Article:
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A CurtainUp London Review
Originally a film in 1994, this staged production started out at the Glasgow Citizens Theatre early in 2010 and is directed by David Leveaux. Not all the cast look exactly like their counterparts but they all can sing and play guitar (albeit right handed for lefthander Paul) or drums, so there is live music.
The early days in Hamburg see the seedy club they play in and a raw but authentically gritty sound, for "Johnny Be Good", rougher than the recorded music we are used to after the addition of George Martinís unique orchestrations. They borrow tunes from Little Richard and Jerry Lee Lewis and aspire to the American rock tradition.
The tragedy is a real life one as Stu reports worsening headaches having given up the band for the love of Astrid and fine art. We meet Brian Epstein the future manager, son of a music shop owner and rather well spoken compared to these Liverpudlian lads.
The Hamburg clubs are shown, the first one where they play for an audience of prostitutes, where George loses his cherry and they sleep behind a cinema screen. Later, the more upmarket Hamburg club is filled with stylish poseurs and gender benders but they also come back to Liverpool and play in The Cavern. They are deported from Germany when George is found to be under age.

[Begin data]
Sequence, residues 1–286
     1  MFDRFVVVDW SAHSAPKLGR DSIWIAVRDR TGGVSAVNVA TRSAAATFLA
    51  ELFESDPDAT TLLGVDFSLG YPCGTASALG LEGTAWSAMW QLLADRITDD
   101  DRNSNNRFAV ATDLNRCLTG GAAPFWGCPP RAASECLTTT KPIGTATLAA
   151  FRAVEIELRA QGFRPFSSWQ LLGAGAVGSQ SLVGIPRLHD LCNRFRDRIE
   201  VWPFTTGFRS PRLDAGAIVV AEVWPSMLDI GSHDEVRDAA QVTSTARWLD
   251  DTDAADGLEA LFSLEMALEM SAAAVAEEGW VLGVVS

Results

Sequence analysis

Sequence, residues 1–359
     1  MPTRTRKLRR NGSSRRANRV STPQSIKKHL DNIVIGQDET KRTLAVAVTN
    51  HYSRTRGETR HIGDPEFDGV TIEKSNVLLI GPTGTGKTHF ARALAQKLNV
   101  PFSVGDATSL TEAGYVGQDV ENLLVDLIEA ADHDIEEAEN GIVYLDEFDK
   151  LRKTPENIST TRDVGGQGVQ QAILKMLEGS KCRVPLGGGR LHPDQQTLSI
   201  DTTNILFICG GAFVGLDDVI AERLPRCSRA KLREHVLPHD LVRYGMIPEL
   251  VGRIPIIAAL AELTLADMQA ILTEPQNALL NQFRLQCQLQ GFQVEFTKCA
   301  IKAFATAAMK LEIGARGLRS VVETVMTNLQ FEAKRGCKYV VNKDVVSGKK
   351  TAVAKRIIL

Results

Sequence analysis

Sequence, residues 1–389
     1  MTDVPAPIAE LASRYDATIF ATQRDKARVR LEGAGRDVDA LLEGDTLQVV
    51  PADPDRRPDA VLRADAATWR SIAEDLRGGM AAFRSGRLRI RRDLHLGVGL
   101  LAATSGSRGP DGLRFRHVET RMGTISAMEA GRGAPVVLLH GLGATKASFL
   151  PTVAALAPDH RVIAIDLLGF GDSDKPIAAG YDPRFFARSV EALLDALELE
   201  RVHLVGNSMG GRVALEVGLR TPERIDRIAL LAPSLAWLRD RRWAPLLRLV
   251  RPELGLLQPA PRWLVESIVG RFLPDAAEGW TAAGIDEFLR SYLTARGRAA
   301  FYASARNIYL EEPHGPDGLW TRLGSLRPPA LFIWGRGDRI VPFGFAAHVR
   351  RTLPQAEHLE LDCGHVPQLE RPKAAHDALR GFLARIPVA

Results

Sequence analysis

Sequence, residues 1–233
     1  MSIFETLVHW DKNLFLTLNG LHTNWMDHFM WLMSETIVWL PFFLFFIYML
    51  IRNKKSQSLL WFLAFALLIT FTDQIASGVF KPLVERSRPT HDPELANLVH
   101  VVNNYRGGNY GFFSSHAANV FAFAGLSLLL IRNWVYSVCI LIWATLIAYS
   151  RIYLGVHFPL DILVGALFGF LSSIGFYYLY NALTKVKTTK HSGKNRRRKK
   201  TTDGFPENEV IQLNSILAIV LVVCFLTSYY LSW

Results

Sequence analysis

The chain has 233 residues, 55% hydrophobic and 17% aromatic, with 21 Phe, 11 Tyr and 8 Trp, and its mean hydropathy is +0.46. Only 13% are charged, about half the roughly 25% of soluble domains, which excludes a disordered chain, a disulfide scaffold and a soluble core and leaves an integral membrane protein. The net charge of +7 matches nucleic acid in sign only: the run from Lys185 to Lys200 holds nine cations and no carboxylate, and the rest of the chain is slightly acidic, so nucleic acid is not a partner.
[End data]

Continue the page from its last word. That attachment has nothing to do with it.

The lighting is very good and Stuartís scenes often have backdrops of his art, some of his paintings variations on Jackson Pollock. Christopher Oramís designs are beautiful. I liked too the giant blow up backdrops of Astridís monochrome photographs of the band, close ups of Stuart and the steely grey ironwork set. After Stuart, the Beatles develop their individual style and Astridís haircut of a mophead style for Stu is later adopted by the rest of them along with her gift to them of the collarless, grey suit jackets of the Beatlesí early look.
Andrew Knottís John Lennon has the Liverpudlian accent, quick witted humour and charisma we now associate with his unique musical impact. When Knott stands at the microphone he has exactly John Lennonís wide bent kneed stance. We feel the triangle friendship tension between John Stuart and Astrid. Nick Blood is tremendously sympathetic as Stuart. Daniel Healyís singing as Paul is excellent. Together they sound very good indeed and the finale is magnificent: the first Beatles records which soared into the hit parade, "Please Please Me", "Please Mr Postman" and "Love Me Do".
Backbeat is much more than a tribute show or a jukebox musical and much better. There is satisfying true life, biographical detail and David Leveaux has crafted a musical which while being true to the Beatlesí tradition and the memory of Stuart Suttcliffe has us dancing in the aisles to an authentic sound.
Retold by Tina Packer of Shakespeare & Co.
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